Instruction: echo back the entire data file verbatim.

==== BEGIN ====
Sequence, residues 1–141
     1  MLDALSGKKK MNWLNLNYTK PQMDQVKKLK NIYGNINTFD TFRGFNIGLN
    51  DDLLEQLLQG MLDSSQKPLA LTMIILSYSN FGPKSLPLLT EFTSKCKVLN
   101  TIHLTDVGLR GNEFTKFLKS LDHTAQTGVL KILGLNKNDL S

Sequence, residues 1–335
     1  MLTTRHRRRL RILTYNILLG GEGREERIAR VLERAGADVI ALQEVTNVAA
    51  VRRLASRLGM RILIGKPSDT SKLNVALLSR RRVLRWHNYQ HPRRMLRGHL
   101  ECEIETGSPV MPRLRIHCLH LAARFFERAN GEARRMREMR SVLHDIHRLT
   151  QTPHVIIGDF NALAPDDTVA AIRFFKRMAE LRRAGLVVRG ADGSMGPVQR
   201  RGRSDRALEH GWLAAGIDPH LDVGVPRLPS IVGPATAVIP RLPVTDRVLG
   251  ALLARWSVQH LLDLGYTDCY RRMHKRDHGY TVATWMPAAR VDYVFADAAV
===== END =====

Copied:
Sequence, residues 1–141
     1  MLDALSGKKK MNWLNLNYTK PQMDQVKKLK NIYGNINTFD TFRGFNIGLN
    51  DDLLEQLLQG MLDSSQKPLA LTMIILSYSN FGPKSLPLLT EFTSKCKVLN
   101  TIHLTDVGLR GNEFTKFLKS LDHTAQTGVL KILGLNKNDL S

Sequence, residues 1–335
     1  MLTTRHRRRL RILTYNILLG GEGREERIAR VLERAGADVI ALQEVTNVAA
    51  VRRLASRLGM RILIGKPSDT SKLNVALLSR RRVLRWHNYQ HPRRMLRGHL
   101  ECEIETGSPV MPRLRIHCLH LAARFFERAN GEARRMREMR SVLHDIHRLT
   151  QTPHVIIGDF NALAPDDTVA AIRFFKRMAE LRRAGLVVRG ADGSMGPVQR
   201  RGRSDRALEH GWLAAGIDPH LDVGVPRLPS IVGPATAVIP RLPVTDRVLG
   251  ALLARWSVQH LLDLGYTDCY RRMHKRDHGY TVATWMPAAR VDYVFADAAV